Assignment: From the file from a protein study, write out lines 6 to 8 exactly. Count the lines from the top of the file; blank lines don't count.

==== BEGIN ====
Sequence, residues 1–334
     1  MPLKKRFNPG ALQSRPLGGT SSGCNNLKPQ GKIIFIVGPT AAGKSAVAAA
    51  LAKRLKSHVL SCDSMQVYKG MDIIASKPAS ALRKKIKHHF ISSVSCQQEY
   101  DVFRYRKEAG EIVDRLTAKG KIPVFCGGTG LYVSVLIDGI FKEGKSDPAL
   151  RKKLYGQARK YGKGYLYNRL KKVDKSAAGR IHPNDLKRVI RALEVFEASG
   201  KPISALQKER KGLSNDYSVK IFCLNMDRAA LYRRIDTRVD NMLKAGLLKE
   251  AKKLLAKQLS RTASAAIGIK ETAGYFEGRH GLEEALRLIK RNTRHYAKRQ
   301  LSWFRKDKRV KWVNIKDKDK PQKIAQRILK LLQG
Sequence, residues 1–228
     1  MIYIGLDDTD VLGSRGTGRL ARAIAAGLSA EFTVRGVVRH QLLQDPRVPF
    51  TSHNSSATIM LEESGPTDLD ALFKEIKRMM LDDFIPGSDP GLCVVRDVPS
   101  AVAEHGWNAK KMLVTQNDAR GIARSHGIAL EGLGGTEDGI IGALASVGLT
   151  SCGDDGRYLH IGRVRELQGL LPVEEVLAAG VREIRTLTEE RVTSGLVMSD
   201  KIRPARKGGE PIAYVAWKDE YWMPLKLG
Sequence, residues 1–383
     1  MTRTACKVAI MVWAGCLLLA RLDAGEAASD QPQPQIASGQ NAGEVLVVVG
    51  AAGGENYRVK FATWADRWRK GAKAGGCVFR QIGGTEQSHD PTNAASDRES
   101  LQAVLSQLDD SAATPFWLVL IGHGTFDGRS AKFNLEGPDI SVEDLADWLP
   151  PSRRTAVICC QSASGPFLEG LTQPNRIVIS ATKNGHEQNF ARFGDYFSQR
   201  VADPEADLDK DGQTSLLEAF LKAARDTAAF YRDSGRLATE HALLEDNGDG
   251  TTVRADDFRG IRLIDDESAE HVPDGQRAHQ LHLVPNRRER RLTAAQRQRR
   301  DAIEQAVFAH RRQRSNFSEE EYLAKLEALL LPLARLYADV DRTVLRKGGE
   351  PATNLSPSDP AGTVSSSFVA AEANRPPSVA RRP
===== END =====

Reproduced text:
   201  KPISALQKER KGLSNDYSVK IFCLNMDRAA LYRRIDTRVD NMLKAGLLKE
   251  AKKLLAKQLS RTASAAIGIK ETAGYFEGRH GLEEALRLIK RNTRHYAKRQ
   301  LSWFRKDKRV KWVNIKDKDK PQKIAQRILK LLQG